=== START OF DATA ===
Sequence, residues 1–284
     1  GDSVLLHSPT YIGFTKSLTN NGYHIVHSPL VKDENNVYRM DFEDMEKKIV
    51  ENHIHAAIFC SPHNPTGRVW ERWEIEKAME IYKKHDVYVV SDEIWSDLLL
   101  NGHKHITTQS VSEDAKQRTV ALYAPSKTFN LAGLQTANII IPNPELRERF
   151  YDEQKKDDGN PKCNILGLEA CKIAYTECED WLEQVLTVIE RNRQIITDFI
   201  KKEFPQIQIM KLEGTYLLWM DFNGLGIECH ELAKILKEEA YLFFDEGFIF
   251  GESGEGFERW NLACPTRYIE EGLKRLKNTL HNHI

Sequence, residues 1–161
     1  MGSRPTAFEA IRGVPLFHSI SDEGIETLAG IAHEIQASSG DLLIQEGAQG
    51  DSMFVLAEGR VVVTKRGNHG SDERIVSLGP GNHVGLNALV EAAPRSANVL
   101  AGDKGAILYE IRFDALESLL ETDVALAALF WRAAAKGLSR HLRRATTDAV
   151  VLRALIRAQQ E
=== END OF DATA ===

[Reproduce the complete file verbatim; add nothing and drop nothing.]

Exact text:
Sequence, residues 1–284
     1  GDSVLLHSPT YIGFTKSLTN NGYHIVHSPL VKDENNVYRM DFEDMEKKIV
    51  ENHIHAAIFC SPHNPTGRVW ERWEIEKAME IYKKHDVYVV SDEIWSDLLL
   101  NGHKHITTQS VSEDAKQRTV ALYAPSKTFN LAGLQTANII IPNPELRERF
   151  YDEQKKDDGN PKCNILGLEA CKIAYTECED WLEQVLTVIE RNRQIITDFI
   201  KKEFPQIQIM KLEGTYLLWM DFNGLGIECH ELAKILKEEA YLFFDEGFIF
   251  GESGEGFERW NLACPTRYIE EGLKRLKNTL HNHI

Sequence, residues 1–161
     1  MGSRPTAFEA IRGVPLFHSI SDEGIETLAG IAHEIQASSG DLLIQEGAQG
    51  DSMFVLAEGR VVVTKRGNHG SDERIVSLGP GNHVGLNALV EAAPRSANVL
   101  AGDKGAILYE IRFDALESLL ETDVALAALF WRAAAKGLSR HLRRATTDAV
   151  VLRALIRAQQ E